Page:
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Karachi's increasing importance as a cosmopolitan transportation hub leads to the influence of non-Sindhis in Sindh's administration.
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Karachi was selected as the first capital of Pakistan, and was administered as a federal district separate from Sindh beginning in 1948, the capital of Sindh shifted again Hyderabad to Karachi until the national capital was shifted to Rawalpindi in 1958.
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Karachi is located on the coastline of Sindh province in southern Pakistan, along the Karachi Harbour, a natural harbour on the Arabian Sea.
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Karachi is built on a coastal plain with scattered rocky outcroppings, hills and marshlands.
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West of Karachi city is the Cape Monze, locally known as Ras Muari, which is an area characterised by sea cliffs, rocky sandstone promontories and undeveloped beaches.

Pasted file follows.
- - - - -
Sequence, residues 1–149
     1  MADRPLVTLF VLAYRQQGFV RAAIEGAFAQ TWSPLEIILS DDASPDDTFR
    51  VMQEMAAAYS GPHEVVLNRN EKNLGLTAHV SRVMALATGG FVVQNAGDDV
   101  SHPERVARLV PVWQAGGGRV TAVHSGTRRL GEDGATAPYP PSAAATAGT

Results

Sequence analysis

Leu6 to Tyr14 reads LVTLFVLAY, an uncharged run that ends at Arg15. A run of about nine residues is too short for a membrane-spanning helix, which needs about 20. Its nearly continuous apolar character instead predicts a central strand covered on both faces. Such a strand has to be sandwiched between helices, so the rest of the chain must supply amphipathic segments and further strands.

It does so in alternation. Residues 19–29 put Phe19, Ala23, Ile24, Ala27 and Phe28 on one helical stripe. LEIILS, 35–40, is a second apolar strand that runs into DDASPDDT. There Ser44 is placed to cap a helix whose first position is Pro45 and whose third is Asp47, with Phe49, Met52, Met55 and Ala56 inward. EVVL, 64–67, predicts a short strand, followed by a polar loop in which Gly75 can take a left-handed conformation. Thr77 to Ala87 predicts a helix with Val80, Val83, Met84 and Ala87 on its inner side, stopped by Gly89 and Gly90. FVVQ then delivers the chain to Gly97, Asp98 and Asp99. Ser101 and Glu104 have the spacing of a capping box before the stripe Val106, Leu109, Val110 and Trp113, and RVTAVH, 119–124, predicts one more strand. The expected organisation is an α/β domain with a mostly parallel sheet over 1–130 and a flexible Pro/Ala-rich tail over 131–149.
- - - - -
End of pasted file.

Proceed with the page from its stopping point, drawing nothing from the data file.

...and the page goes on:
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Karachi's hills are barren and are part of the larger Kirthar Range, and have a maximum elevation of 528 metres .
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Karachi has developed around the Malir River and Lyari Rivers, with the Lyari shore being the site of the settlement for Kolachi.
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Karachi has a hot desert climate dominated by a long "Summer Season" while moderated by oceanic influence from the Arabian Sea.
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British Karachi was divided between the "New Town" and the "Old Town", with British investments focused primarily on the New Town.
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Since Pakistan's independence, Karachi has been the centre of the nation's economy, and remain's Pakistan's largest urban economy despite the economic stagnation caused by sociopolitical unrest during the late 1980s and 1990s.